You can easily spend an hour or two on and around this famous staircase with its 135 steps. Why not enjoy your morning coffee and croissant here?
When you reach the top of the stairs, you’ll find yourself on the Piazza Trinita Dei Monti. Simply take in the views from here or take a look inside the twin-towered Trinita Dei Monti church on the edge of the square.
The Spanish Steps got its name because of the Spanish Embassy which is nearby. The square at the bottom of the stairs is accordingly called the Piazza di Spagna.
Always wanted to own a fashion garment by a famous Italian designer? After visiting the Spanish Steps you are presented with the perfect opportunity to do some shopping
The Via Condotti, the street directly in line with the Spanish Steps, is also Rome’s most famous shopping street. All the famous Italian fashion designers and brands are represented here, including Prada, Gucci, Louis Vuitton, Bulgari and Armani. If your budget doesn’t allow you actually purchasing anything, there’s nothing wrong with a little window shopping.
After leaving the Via Condotti you can slowly make your way to the Trevi district. Your final destination for the day is the Trevi Fountain. But take it easy – grab some lunch or relax in a park, because you don’t want to get here too early.
Tip: Gelateria Valentino has the best gelato near the Trevi Fountain.
The late afternoon or early evening, when most of the crowds have left, is a good time to arrive at the Trevi Fountain. It’s Rome’s largest, with the final design touches provided by Guiseppe Pannini in 1762.
Remember to bring not only one, but three coins to throw in the fountain. This will not only ensure that you’ll return to Rome but also that you’ll fall in love with an attractive Italian and end up marrying him or her.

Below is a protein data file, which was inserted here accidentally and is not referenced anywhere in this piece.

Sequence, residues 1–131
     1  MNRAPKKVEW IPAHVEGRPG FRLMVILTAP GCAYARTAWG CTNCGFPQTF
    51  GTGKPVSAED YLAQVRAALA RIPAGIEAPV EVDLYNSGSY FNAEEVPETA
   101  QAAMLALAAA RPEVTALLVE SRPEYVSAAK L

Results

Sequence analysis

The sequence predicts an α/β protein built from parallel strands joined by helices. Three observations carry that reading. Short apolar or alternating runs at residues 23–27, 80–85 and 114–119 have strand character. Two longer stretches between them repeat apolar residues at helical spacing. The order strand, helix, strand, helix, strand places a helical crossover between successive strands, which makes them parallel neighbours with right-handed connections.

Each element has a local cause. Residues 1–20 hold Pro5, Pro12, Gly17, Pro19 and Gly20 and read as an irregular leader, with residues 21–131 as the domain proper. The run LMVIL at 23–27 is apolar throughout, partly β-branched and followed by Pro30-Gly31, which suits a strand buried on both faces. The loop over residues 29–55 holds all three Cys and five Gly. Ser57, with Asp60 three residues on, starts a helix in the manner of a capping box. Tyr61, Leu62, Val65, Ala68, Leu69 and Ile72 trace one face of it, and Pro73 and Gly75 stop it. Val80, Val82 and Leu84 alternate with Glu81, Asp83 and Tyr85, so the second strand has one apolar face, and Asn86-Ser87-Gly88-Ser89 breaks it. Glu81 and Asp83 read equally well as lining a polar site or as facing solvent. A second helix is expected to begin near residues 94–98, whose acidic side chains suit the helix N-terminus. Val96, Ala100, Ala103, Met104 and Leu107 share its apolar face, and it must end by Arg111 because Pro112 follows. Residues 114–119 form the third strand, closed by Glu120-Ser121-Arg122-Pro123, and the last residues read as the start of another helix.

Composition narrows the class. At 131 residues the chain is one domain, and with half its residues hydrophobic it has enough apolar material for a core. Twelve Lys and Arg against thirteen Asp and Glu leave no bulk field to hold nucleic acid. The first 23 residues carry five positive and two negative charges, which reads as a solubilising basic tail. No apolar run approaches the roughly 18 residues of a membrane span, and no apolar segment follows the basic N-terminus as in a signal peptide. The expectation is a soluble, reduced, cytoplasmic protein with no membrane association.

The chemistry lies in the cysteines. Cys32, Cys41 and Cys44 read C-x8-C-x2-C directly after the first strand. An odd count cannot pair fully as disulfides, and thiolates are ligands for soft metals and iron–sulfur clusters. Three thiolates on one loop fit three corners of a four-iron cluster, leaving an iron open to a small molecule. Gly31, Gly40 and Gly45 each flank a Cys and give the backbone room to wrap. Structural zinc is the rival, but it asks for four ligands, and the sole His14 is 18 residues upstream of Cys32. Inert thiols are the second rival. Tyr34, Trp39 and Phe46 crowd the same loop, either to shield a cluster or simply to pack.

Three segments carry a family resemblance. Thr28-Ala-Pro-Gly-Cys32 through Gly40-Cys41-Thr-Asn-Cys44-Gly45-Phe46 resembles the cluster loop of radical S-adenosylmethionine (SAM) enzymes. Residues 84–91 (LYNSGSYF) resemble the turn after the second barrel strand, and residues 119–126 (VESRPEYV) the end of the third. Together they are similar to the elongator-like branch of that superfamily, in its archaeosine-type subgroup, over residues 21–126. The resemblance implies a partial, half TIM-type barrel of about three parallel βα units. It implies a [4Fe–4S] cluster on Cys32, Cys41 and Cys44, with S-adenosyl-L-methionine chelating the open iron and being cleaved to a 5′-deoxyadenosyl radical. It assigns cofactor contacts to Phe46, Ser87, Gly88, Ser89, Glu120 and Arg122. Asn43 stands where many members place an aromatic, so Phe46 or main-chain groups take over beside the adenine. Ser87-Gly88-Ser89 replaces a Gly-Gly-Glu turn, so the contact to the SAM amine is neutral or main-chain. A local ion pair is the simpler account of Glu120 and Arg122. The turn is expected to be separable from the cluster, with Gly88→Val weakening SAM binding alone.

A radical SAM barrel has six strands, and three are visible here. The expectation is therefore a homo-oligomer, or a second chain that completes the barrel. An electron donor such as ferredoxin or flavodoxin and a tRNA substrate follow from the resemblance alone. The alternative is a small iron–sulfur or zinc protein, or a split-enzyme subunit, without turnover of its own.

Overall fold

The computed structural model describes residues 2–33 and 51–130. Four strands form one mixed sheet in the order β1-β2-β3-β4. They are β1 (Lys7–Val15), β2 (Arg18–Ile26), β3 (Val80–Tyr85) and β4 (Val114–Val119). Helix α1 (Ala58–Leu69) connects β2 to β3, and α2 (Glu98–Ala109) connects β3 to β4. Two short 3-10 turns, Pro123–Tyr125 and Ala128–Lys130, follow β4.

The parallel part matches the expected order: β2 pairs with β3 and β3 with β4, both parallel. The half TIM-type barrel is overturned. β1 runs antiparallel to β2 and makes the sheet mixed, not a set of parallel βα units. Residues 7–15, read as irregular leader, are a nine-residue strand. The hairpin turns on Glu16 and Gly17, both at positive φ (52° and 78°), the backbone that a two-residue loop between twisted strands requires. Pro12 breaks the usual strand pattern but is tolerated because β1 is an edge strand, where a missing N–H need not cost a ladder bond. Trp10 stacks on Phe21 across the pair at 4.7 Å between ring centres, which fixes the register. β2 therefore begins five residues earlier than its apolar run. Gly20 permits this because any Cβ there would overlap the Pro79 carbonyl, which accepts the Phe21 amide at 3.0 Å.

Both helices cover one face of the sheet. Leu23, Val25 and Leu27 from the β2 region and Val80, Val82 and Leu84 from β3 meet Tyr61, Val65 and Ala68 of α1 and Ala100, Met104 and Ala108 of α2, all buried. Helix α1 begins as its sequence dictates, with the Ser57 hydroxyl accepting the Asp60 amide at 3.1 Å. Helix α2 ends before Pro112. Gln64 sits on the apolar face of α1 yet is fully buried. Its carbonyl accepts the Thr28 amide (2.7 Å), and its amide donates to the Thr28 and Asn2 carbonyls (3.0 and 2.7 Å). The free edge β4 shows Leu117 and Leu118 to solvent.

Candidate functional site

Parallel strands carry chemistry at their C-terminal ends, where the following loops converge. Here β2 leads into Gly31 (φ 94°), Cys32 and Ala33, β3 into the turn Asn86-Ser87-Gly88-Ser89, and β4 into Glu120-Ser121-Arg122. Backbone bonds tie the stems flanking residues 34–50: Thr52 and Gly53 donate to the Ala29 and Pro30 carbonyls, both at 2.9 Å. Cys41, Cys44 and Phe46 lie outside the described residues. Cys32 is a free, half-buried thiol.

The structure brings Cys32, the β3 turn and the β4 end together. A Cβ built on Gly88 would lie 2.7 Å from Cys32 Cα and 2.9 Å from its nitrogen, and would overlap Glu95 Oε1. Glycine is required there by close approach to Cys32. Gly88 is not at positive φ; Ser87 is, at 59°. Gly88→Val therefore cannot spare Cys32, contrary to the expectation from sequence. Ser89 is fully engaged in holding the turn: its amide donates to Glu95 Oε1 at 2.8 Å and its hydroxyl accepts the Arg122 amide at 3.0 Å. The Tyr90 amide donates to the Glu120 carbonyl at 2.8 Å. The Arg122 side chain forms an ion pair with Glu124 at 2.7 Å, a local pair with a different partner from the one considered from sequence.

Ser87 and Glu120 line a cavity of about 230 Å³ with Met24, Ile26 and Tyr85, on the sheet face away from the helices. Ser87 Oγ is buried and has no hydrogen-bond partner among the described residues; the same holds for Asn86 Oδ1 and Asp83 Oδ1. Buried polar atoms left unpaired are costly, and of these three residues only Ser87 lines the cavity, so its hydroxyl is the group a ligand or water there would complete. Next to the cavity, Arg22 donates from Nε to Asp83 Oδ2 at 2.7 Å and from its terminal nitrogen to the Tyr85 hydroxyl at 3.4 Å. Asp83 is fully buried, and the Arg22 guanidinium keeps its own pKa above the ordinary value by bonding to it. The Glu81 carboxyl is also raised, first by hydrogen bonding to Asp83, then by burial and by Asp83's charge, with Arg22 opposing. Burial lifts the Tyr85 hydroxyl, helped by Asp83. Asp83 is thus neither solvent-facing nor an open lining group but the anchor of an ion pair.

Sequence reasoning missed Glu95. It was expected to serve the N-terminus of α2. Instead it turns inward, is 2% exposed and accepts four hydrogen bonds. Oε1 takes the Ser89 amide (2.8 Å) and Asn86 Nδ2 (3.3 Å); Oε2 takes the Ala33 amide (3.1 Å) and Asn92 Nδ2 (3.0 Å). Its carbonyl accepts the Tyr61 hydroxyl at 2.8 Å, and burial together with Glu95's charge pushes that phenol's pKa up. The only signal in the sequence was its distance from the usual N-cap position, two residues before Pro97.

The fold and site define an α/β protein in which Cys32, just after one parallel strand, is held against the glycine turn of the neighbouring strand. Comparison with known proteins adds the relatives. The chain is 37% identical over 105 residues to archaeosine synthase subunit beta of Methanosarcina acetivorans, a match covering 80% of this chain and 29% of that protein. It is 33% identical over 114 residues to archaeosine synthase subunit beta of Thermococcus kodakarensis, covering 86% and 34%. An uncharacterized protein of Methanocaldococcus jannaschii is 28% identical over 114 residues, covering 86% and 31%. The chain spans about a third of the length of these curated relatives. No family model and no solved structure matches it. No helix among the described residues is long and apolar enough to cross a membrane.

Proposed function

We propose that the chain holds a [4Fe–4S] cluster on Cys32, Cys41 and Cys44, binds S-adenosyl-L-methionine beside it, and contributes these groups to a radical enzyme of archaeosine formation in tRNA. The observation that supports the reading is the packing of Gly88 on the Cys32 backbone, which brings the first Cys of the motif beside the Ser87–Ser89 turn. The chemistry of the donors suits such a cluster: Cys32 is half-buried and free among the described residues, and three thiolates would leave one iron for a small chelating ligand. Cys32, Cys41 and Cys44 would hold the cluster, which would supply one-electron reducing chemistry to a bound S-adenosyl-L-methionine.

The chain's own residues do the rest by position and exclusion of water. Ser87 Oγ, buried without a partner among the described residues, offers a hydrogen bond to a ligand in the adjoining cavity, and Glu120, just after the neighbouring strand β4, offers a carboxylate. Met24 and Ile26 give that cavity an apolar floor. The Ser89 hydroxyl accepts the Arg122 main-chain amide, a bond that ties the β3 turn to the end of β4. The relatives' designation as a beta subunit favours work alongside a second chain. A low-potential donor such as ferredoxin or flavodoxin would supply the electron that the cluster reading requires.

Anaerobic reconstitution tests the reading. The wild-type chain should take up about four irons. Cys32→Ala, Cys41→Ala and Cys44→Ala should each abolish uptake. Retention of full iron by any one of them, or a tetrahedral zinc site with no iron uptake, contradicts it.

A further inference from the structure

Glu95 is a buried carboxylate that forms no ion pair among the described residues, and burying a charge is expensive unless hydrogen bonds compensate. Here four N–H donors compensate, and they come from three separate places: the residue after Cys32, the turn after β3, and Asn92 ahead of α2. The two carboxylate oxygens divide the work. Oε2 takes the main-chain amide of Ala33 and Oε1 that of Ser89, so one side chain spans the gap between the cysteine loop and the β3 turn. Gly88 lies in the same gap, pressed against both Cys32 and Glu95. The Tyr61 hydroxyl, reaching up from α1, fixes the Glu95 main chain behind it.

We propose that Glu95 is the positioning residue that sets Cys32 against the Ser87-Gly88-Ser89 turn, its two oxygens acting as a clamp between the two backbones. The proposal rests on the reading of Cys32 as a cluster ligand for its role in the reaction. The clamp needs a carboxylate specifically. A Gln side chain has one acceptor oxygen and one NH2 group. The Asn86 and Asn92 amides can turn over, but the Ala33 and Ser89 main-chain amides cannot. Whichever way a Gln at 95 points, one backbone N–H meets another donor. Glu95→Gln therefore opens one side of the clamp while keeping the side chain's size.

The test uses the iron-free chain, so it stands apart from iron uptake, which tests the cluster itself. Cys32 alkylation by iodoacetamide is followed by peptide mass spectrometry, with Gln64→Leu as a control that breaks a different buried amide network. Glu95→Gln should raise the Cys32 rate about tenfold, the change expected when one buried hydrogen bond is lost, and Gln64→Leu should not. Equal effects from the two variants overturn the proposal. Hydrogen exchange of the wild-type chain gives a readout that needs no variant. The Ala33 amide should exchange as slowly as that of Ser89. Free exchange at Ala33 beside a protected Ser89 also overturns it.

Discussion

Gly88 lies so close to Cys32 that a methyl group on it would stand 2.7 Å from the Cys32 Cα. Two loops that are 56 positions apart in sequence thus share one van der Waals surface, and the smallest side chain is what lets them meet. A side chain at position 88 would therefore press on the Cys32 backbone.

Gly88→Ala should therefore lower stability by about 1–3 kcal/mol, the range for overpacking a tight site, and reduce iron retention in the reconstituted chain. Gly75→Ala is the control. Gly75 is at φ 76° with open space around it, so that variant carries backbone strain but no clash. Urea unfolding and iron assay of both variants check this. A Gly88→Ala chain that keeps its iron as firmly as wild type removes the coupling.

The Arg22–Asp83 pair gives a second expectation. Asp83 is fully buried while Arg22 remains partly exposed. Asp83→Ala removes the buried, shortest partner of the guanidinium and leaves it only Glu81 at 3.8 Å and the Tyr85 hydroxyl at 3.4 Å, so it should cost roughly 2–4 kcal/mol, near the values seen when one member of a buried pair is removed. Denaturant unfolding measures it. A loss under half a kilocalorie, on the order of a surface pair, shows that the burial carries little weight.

Did you know that a million Euros worth of coins are thrown into the fountain each year? They are removed once a day and the proceeds are given to charities.
Day 7: Walking or cycling the Appian Way
On the last day of your 7-day Rome itinerary, it’s time to make some memories outside the city centre. You may have come across it on a catacomb tour, but the old Roman Appian way has so much more to offer.
Exploring the Appian Way nature and archaeological park on foot or on a bicycle is one of the most rewarding experiences for nature lovers visiting the Eternal City. Apart from the early Christian catacombs, the vast park area includes original Roman causeways, monuments, mausoleums, and the remains of Roman aqueducts.
You can reach the Appian way with public Bus 118, while many hop-on-hop-off sightseeing buses also stop here. Bikes can be rented at the park headquarters. With a packed picnic in your backpack, a day of cycling, walking and discovering in a landscape dotted with cypress and maritime pines lies ahead of you. It’s totally up to you how much time you’d like to spend here to end your 7 days in Rome on a high note.
Tip: If you’re unsure about where to go and what to see on your own, there are interesting guided walking or cycling tours of the Appian Way.
Conclusion to the places to see for one week in Rome
With the right itinerary and careful planning, one week in Rome can fly by in a flash. If you follow this 7-day Rome itinerary you will certainly leave satisfied that you experienced the best of Rome in a time-efficient way.